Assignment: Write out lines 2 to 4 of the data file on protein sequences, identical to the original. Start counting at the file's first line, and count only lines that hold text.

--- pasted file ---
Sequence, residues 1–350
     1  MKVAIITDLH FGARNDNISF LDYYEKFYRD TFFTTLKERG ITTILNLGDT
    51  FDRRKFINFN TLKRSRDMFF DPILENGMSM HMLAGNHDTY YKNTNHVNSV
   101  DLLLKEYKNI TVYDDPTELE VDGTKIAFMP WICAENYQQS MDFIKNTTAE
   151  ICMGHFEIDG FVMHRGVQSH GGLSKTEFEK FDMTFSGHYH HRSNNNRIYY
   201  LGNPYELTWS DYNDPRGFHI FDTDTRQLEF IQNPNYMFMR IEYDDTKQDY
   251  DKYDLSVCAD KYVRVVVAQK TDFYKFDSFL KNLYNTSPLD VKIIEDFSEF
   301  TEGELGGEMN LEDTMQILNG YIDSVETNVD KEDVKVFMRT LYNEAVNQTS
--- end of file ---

     1  MKVAIITDLH FGARNDNISF LDYYEKFYRD TFFTTLKERG ITTILNLGDT
    51  FDRRKFINFN TLKRSRDMFF DPILENGMSM HMLAGNHDTY YKNTNHVNSV
   101  DLLLKEYKNI TVYDDPTELE VDGTKIAFMP WICAENYQQS MDFIKNTTAE